Budget: Less than €60
- Basic double (shared facilities) €7-€12
- Food from hotelys (roadside stalls) for breakfast and lunch; dinner at a restaurant
- Travel between cities by taxi-brousse; chartered taxi for day trips
- Double room (mostly en suite) €12-25
- A good meal costs around €10
- At the upper end, hire a car and driver
Top End: More than €150
- Accommodation varies wildly: €25 in a guesthouse to €500 in a full-board resort
- Travel by private 4WD with driver; internal flights to save time
ATMs (Visa and MasterCard) are widely available in large towns and cities. In rural areas, cash rules. Euros are the easiest foreign currency to exchange.
Madagascar changed its currency from the Malagasy franc (FMG) to the ariary (Ar) in 2005. But despite having had several years to get used to the new currency, many Malagasies still count in FMG (one ariary is worth five FMG), so it is essential you clarify which currency a price is being quoted in, particularly in rural areas.
Inflation is high in Madagascar, and the denominations are struggling to keep up. The biggest bank note currently available is Ar10,000, but with a main course at a restaurant costing Ar10,000 to Ar15,000, many agree it won’t be long until larger denominations are printed.
For travellers it means that changing just €300 will produce a wad some 90 notes thick…
Some hotels (often at the higher end of the range) will accept payments in foreign currency.
- You’ll find ATMs in all major towns and cities.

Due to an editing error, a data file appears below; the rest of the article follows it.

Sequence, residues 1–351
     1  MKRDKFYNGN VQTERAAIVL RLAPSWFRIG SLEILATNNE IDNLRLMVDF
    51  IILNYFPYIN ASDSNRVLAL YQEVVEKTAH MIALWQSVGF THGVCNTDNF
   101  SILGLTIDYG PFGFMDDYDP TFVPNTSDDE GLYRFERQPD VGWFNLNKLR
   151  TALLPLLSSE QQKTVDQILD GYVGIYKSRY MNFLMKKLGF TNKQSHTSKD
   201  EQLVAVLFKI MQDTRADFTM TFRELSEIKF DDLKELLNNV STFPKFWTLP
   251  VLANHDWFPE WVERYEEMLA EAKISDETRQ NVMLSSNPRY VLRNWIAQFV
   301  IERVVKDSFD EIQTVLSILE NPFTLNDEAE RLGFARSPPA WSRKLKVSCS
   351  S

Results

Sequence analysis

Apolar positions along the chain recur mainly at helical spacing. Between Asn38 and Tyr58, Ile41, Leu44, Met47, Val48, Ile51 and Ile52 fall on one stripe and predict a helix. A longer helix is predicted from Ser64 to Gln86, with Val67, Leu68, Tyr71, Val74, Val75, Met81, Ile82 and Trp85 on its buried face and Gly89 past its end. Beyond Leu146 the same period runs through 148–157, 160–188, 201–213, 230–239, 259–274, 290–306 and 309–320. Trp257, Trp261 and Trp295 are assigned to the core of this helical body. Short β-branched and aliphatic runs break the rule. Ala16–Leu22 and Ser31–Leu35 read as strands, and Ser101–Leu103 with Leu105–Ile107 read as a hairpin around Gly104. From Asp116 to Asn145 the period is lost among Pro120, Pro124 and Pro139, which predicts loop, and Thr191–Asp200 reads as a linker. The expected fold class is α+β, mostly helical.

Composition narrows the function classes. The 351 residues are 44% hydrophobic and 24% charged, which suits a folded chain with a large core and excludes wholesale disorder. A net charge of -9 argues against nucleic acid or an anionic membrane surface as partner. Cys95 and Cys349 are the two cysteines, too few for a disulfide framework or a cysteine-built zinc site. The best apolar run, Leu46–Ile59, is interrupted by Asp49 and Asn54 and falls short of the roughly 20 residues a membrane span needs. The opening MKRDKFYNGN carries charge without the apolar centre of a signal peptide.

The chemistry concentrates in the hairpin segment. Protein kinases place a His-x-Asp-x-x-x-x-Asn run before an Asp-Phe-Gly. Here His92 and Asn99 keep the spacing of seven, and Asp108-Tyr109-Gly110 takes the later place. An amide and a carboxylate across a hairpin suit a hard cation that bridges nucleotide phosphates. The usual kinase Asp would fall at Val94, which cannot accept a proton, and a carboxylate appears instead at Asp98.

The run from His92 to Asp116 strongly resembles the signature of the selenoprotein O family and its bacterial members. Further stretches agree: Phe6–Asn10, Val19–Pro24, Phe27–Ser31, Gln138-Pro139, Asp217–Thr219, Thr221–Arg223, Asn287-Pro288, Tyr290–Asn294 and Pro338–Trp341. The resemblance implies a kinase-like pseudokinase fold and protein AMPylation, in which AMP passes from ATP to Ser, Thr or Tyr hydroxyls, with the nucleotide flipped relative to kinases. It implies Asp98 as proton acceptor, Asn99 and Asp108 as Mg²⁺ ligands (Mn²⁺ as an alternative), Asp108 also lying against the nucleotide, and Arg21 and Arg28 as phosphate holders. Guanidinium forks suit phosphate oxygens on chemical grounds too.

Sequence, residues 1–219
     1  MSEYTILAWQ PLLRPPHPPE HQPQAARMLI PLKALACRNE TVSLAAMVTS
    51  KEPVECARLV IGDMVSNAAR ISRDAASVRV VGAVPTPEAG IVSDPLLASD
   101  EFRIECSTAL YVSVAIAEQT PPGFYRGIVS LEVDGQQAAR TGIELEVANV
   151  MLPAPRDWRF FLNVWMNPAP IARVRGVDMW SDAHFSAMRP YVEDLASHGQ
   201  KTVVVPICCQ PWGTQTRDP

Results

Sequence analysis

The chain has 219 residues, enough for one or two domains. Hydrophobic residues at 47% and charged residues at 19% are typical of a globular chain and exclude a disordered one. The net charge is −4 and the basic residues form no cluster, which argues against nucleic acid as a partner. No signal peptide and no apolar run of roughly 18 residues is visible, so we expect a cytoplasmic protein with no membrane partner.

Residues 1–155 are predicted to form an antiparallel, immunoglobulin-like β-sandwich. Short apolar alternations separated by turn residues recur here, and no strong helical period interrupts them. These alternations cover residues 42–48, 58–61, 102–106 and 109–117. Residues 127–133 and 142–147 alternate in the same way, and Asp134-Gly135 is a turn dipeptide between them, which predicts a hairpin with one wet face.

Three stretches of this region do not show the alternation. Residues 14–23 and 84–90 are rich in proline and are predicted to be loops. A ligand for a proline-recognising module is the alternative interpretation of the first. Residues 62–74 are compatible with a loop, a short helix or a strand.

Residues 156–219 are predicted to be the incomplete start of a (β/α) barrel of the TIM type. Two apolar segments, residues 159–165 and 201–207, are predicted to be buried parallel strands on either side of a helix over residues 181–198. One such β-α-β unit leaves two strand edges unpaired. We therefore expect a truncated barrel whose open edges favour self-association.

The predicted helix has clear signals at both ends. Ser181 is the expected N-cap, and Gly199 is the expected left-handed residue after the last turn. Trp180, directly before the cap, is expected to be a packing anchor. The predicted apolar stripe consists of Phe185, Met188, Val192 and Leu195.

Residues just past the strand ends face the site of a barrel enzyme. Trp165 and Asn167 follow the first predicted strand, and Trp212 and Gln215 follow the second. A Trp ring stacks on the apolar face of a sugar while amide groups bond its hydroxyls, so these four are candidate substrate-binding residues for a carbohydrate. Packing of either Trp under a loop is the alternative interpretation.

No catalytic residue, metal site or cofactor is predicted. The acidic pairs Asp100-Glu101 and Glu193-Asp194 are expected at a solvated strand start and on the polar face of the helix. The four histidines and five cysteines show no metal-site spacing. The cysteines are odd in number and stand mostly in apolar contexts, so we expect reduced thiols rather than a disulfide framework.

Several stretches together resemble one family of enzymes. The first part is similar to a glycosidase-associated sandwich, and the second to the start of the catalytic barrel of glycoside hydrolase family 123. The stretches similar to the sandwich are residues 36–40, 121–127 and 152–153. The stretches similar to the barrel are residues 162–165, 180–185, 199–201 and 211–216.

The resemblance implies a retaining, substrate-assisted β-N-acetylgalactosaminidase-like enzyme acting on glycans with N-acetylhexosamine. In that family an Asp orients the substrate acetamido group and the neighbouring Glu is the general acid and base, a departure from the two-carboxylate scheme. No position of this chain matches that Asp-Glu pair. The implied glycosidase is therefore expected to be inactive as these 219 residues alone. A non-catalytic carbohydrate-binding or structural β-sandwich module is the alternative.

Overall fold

- Withdrawals from ATMs are capped at Ar300,000.
- All ATMs accept Visa.
- BNI Madagascar and Société Générale (BFV-SG) ATMs also accept MasterCard.
Visa credit cards are accepted at some upmarket hotels and shops, Air Madagascar and a number of travel agencies.
MasterCard can be used at some ATMs, but only a small number of outfits will accept payments with it.
Some places levy a commission of about 5% to 8% for credit-card payments.
Visa and MasterCard can be used at most banks to obtain cash advances of up to Ar10 million; commission rates go as high as 5%, depending on the bank.
For current exchange rates, see www.xe.com.
The main banks:
- Bank of Africa (BOA)
- BNI Madagascar
- Banky Fampandrosoana’ny Varotra-Société Générale (BFV-SG)
- Banque Malgache de l’Océan Indien (BMOI)
All banks will readily exchange euros; US dollars are generally accepted, too. Other currencies will be harder to exchange outside major cities.
Most banks will refuse €100 or US$100 notes (for fear of counterfeit), so bring small denominations only. The opposite is true on the black market.
Upmarket hotels often have currency-exchange facilities, but check how competitive their rates are.
The bureaux de change at Ivato airport will change Malagasy currency back into euros or dollars, but require a minimum of €50.
All banks in Antananarivo exchange travellers cheques.
Outside of the capital, the BFV-SG is your best bet.
As with cash, prefer euros and stick to small denominations (banks need the approval of their headquarters to exchange denominations of €100 or more).